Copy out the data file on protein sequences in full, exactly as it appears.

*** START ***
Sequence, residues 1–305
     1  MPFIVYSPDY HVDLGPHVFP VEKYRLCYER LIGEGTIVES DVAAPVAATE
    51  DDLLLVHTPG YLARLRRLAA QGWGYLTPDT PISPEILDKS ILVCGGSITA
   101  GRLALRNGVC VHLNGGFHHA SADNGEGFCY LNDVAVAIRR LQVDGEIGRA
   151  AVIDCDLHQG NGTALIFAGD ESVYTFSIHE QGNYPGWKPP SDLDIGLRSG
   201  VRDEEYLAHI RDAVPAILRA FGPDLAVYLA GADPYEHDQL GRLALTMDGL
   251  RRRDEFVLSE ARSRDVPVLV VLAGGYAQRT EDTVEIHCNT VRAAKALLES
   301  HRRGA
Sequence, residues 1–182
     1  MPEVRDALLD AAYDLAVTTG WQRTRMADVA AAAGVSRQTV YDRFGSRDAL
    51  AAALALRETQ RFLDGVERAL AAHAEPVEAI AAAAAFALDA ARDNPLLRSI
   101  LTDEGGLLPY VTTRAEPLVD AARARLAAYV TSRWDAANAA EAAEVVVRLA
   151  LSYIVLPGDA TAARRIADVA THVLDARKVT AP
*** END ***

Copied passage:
Sequence, residues 1–305
     1  MPFIVYSPDY HVDLGPHVFP VEKYRLCYER LIGEGTIVES DVAAPVAATE
    51  DDLLLVHTPG YLARLRRLAA QGWGYLTPDT PISPEILDKS ILVCGGSITA
   101  GRLALRNGVC VHLNGGFHHA SADNGEGFCY LNDVAVAIRR LQVDGEIGRA
   151  AVIDCDLHQG NGTALIFAGD ESVYTFSIHE QGNYPGWKPP SDLDIGLRSG
   201  VRDEEYLAHI RDAVPAILRA FGPDLAVYLA GADPYEHDQL GRLALTMDGL
   251  RRRDEFVLSE ARSRDVPVLV VLAGGYAQRT EDTVEIHCNT VRAAKALLES
   301  HRRGA
Sequence, residues 1–182
     1  MPEVRDALLD AAYDLAVTTG WQRTRMADVA AAAGVSRQTV YDRFGSRDAL
    51  AAALALRETQ RFLDGVERAL AAHAEPVEAI AAAAAFALDA ARDNPLLRSI
   101  LTDEGGLLPY VTTRAEPLVD AARARLAAYV TSRWDAANAA EAAEVVVRLA
   151  LSYIVLPGDA TAARRIADVA THVLDARKVT AP